Contributor: Ryan Moffat, BS in Bible and Theology from Multnomah University. Pastor of Vast Church.
“For you know that afterward, when he desired to inherit the blessing, he was rejected, for he found no chance to repent, though he sought it with tears.”
-Commentary on Esau. Hebrews 12:17
“Repentance is more than reciting well-calculated words with a view toward minimizing our losses. Repentance, when it is genuine, is in fact not accompanied by calculation at all. It is utterly vulnerable.
It confesses more than has been found out. It never withholds information in the hope that one’s image and reputation will be preserved. It puts itself at the mercy of others, it does not presume to direct or control them.”
Say I’m Sorry
One of the greatest things we can teach our children and the next generation is that six of the most important words that can change your life are; “I AM SORRY, I WAS WRONG”.
No explanations, no ”But’s”, no excuses but full ownership of wrong attitudes, behaviors and actions. We live in an increasingly “blame-centered” culture and with such nonsense it promotes an ethic of “victim-thinking” so nothing is ever your fault.
Pain and bad situations are either done to you from a person or from an outside source and if you’re a victim than guess what? Nothing is ever your fault. Stuff, people, bad circumstances just HAPPEN to you!
The problem with such a perspective is that it leaves broken people to the mercy of everyone and everything else. People are powerless to change in such a worldview.
It seems to me that the solution isn’t to become a victim but rather to transition to becoming an owner one’s own life, attitude and actions.
Authentic apologies begin where control, desired outcomes, and manipulation end. Authentic apologies at its core are submissive and give the control and the outcomes to the person you are apologizing to.
We tend to think an apology is good it’s emotional and “teary” but the Bible demonstrates through the life of Esau that tears aren’t synonymous with “Authentic Repentance”.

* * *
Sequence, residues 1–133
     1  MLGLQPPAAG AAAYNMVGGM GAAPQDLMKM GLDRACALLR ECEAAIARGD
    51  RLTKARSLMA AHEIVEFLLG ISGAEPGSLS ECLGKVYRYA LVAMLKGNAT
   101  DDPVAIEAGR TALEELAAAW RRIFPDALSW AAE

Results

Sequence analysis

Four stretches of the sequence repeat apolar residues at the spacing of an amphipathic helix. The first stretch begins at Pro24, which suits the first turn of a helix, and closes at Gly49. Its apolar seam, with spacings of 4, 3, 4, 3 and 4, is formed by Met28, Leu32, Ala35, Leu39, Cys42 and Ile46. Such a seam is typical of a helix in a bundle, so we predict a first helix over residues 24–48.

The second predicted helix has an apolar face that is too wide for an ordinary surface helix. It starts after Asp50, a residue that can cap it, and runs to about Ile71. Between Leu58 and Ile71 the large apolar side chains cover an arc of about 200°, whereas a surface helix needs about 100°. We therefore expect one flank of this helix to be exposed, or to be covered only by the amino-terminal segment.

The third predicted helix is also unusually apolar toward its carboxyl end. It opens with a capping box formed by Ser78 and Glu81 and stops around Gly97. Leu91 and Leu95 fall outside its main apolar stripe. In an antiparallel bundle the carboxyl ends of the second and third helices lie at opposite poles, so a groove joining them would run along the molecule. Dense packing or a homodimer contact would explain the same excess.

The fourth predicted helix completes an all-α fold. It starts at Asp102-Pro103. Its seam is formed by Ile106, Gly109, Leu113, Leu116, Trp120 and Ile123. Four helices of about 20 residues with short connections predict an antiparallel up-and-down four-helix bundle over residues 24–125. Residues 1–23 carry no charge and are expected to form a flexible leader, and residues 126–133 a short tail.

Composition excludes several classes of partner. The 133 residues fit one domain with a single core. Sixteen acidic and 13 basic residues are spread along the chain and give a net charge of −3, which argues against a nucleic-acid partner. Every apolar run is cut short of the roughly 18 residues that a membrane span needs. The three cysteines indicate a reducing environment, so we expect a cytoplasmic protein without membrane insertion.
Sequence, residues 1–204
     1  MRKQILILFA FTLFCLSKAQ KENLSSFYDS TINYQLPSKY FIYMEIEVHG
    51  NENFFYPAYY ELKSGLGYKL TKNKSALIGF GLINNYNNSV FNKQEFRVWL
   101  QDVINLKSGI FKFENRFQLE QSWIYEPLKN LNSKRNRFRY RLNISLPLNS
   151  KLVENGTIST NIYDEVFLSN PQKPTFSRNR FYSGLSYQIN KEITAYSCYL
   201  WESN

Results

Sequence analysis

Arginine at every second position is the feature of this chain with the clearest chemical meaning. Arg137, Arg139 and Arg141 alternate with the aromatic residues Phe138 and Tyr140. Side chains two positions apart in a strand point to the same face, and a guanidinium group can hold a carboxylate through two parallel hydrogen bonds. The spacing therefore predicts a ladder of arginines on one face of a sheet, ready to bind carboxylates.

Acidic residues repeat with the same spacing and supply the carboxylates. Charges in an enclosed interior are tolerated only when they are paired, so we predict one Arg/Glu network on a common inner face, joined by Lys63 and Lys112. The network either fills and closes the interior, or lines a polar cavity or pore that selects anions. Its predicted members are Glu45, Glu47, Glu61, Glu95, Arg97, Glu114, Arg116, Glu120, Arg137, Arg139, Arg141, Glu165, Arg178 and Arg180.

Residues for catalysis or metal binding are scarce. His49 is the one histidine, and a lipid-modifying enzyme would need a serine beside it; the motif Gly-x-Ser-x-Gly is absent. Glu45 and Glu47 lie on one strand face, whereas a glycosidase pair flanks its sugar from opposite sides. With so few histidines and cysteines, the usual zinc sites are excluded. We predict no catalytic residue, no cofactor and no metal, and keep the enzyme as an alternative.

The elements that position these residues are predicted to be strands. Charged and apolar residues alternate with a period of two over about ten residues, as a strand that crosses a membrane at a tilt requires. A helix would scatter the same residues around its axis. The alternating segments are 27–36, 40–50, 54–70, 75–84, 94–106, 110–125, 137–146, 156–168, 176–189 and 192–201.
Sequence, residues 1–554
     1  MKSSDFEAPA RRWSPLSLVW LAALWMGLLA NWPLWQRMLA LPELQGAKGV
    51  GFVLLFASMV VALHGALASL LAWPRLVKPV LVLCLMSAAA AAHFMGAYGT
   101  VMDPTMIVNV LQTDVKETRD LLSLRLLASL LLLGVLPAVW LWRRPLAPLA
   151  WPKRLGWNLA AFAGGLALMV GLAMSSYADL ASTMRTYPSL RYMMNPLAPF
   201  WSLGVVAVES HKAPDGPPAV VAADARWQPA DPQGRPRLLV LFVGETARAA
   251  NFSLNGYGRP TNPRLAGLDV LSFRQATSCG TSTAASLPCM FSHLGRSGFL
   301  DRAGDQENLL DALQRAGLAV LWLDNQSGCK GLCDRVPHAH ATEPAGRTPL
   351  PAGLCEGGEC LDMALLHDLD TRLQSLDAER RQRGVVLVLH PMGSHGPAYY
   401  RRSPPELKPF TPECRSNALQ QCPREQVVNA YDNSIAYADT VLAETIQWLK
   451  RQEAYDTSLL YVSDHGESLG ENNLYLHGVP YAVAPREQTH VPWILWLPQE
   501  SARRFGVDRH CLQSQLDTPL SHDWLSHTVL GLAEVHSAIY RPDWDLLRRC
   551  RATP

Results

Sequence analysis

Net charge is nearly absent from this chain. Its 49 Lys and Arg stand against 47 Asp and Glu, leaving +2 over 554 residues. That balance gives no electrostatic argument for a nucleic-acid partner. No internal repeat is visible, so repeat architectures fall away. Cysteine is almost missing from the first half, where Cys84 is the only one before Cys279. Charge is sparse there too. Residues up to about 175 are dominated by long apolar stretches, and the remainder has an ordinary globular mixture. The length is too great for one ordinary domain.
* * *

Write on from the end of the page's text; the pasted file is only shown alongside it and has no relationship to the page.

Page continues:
Authentic repentance values the relationship and reconciliation more than getting what was lost. Esau lost his own birthright, he apologized to try and get it back…that’s not authentic, that’s just further and deeper manipulation.
What are the relationships that you’ve damaged because you haven’t valued the person as much as you’ve valued the outcome? Where have you made excuses and gave “victim-centered explanations” instead of simply saying those six important words?
Those 6 words I’m trying to teach my kids might be the key to your recovery and your new life around the corner. Everything can change with those six simple words:
“I AM SORRY! I WAS WRONG”
After you say those six words there’s one last step. And it’s a four-word question: “WILL YOU FORGIVE ME?”
Community Discussion – Share your thoughts here!
How has taking the time to apologize and ask for forgiveness (or making amends) impacted your recovery?
About the Author: Ryan received his BS in Bible and Theology and a minor in counseling from Multnomah University. He has pastored students, families and is passionate about Christ-centered recovery and healing. He’s been married to his beautiful wife Michelle for 13 years and they enjoy raising four crazy, unique and special kids together. Ryan is the teaching pastor at Vast Church in Sisters, OR and is currently working on his Masters in Theology at Western Seminary in Portland, OR
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Last Updated & Reviewed By: Jacquelyn Ekern, MS, LPC on December 28, 2015
Published on AddictionHope.com